I’d loaded up and messed with StarTropics 2 early in my messing with NES emulators, but didn’t play very far into it. It’d been a long time, so me being me, I just kind of assumed my old self stopped playing because they had gotten bored of it and moved on to pirating something zanier. Turns out I probably ran out of patience!
To properly describe my beefs with StarTropics 2, I have to lay out a bit about the mechanics of the original. StarTropics has a very strict tile-based movement system, and making your way through the game means mastering that particular quirk. While restrictive; the game is designed with it in mind- enemies aren’t usually super aggressive, those that are are typically slow… in general, there’s a lot more of a feel that each room is a puzzle to solve beyond ‘kill all the enemies and the door opens.’ Even when you do get a room like that, it’s usually done to make sure you know how to deal with a certain type of enemy or that you know your way around a special weapon. (In particular, the Asterisk, a.k.a. throwing star is given to you then you pass through several rooms where using its splitting ability is needed to take out paired enemies in tricky locations.) It certainly has its share of dick moves in later stages (as anyone who was watching my Twitch stream of the game can attest to) and rather unforgiving general design choices (if you die in a dungeon, you always start your next life with a meager 3 hearts, and some checkpoints are placed in a way that makes it impossible to refill your health to a decent level before the boss.)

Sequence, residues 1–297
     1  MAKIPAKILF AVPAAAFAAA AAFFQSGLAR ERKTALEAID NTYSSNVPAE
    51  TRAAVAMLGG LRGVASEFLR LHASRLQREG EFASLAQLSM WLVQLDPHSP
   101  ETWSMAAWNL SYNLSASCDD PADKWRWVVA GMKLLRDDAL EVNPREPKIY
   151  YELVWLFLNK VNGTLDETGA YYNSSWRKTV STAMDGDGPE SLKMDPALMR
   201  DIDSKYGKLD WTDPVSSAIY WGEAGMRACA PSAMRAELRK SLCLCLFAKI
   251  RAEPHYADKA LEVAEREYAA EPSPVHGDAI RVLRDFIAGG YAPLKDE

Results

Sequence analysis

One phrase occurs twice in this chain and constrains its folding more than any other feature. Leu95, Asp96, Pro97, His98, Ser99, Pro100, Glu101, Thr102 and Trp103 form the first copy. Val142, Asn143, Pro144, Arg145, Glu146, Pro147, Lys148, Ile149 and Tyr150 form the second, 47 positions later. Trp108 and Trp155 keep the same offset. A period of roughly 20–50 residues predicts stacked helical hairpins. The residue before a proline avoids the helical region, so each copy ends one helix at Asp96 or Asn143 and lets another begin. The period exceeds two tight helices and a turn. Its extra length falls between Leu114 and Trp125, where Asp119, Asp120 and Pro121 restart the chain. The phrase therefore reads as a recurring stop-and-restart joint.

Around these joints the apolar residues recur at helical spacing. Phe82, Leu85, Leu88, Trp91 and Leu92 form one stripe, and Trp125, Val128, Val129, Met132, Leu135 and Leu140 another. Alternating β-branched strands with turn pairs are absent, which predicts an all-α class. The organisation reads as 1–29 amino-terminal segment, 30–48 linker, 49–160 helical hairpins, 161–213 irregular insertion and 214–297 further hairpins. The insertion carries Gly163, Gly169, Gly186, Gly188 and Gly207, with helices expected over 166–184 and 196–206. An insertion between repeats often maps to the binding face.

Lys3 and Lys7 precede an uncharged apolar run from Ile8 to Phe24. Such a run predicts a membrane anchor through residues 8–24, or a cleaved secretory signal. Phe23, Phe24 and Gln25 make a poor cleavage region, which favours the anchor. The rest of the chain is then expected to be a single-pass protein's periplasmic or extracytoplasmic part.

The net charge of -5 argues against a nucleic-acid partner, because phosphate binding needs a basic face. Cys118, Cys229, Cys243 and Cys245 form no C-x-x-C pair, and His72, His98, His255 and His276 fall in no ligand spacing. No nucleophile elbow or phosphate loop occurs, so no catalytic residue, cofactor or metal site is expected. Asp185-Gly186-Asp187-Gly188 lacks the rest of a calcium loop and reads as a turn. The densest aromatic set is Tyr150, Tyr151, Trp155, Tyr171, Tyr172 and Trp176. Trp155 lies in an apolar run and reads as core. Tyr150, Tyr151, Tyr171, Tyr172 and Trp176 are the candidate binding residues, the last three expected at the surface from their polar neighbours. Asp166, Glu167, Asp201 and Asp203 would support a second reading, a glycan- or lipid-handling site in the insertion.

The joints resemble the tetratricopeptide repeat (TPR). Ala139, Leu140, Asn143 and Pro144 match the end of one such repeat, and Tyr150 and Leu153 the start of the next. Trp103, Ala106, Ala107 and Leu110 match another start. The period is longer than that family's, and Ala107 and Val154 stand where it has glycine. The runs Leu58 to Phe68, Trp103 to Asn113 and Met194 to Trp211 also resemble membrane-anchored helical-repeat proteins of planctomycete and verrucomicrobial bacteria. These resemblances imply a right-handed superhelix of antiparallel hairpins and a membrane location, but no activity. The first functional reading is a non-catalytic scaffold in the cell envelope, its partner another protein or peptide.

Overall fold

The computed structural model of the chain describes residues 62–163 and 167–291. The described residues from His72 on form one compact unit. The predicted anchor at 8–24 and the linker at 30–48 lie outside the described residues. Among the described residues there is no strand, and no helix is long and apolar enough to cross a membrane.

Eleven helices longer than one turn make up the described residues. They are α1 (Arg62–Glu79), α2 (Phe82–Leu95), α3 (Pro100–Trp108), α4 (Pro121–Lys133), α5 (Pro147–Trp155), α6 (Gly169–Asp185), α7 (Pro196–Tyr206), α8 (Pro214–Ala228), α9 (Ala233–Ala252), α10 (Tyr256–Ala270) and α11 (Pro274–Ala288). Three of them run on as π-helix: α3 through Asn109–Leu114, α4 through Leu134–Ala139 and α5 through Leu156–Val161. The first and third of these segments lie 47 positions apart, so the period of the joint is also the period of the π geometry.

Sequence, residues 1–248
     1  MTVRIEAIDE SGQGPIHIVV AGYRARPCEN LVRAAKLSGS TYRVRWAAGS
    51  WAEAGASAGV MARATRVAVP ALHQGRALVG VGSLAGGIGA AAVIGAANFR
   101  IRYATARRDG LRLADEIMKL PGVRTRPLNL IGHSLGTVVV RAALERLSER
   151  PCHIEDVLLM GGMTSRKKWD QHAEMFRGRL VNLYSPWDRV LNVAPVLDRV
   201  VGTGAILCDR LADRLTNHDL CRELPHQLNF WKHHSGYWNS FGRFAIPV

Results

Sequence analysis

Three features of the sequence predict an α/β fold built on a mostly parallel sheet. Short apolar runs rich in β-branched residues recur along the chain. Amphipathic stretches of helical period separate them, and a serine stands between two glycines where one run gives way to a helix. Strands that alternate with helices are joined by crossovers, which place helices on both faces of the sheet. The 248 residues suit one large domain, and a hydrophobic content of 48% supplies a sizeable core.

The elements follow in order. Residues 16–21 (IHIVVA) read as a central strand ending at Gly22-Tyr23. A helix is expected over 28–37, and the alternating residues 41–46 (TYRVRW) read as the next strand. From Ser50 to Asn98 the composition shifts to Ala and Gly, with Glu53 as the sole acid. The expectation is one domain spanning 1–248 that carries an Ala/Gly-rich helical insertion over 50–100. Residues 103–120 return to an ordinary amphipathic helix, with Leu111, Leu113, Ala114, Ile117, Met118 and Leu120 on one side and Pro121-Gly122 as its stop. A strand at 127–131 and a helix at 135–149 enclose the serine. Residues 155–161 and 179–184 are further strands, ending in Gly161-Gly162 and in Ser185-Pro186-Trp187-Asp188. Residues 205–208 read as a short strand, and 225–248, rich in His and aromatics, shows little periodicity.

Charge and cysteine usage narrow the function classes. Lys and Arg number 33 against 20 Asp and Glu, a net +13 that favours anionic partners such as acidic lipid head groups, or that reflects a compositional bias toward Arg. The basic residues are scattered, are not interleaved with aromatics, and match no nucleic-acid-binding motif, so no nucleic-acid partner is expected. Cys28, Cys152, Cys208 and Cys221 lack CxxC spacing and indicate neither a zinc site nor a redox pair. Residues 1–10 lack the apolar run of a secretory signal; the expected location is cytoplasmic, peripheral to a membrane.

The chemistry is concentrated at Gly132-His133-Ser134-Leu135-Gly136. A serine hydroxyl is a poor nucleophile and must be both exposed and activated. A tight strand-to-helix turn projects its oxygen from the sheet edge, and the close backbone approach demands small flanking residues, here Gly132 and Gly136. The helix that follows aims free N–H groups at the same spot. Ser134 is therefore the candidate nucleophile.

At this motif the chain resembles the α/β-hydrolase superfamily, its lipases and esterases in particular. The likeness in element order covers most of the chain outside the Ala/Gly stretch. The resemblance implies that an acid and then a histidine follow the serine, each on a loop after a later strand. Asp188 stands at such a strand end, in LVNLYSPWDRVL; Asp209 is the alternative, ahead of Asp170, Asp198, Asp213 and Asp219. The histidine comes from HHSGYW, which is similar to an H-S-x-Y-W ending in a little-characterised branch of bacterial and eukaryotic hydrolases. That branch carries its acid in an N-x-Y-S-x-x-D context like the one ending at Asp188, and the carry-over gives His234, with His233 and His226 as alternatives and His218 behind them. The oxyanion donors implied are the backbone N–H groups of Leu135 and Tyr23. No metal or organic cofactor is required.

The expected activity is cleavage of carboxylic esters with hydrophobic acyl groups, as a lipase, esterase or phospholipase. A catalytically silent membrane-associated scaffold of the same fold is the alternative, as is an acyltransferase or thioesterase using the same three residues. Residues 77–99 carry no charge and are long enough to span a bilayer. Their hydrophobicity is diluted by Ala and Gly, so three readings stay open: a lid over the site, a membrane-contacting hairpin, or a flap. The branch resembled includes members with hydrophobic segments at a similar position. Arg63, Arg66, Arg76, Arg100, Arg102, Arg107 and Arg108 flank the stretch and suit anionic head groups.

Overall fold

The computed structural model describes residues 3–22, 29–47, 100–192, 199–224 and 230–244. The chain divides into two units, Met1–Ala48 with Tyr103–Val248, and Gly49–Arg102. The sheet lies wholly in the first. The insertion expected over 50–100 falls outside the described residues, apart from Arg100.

What I’m getting at is StarTropics is awkward and fairly hard, but it checks a lot of the ‘good game design’ boxes. StarTropics 2 attempts to be more of a standard isometric action game, and it feels like a case of something that’s not broken being ‘fixed.’ Mike can move and attack diagonally, and isn’t restricted to full tile movement. You also seem (oddly) to be able to jump farther diagonally than straight across gaps, as well as alter your airborne course a little.
This is actually kind of a problem! Particularly coming straight off of the first one. Jumps across tile-wide gaps was easy the first time around, as your movement was ‘locked’ to a grid, but in more intense platforming segments like the three-lane boulder dash in the Wild West mine section, I find myself falling to my death way more often than I would have under the old system. In fact, the same basic obstacle was IN the first game before the fight with the ostrich mech. The challenge was about timing there, and more of a standard placement issue in the sequel.
So, at least part of my problem is that I’m used to the first game’s controls. That’s on me. But Mike retains just enough of his old movement habits that he’s not quite as responsive as he could be either. You can still kind of spin in place if you rotate the pad fast enough, trying to walk him in a circle around the room, however, you can feel that he still hangs a bit when changing direction. You still have more freedom of movement to be sure, but it feels less precise and measured.
Let’s talk about what it does well, though! It’s more deliberately funny than the first one. The graphics are definitely nice, more detailed. Dungeons now have multiple elevation levels, which is used to interesting effect in parts. Leaping from higher levels adds an extra ’tile’ to your jump length, and the height of yourself and enemies factors into who can hit who. It’s also kind of neat how you’re giving a telekinetic shot as a permanent secondary weapon, and your two main weapons receive upgrades throughout the story.
I’ll keep picking at the game off and on- my Twitter (@thethreetwo) and Twitch widget should say when. Currently picking at the card stuff again though.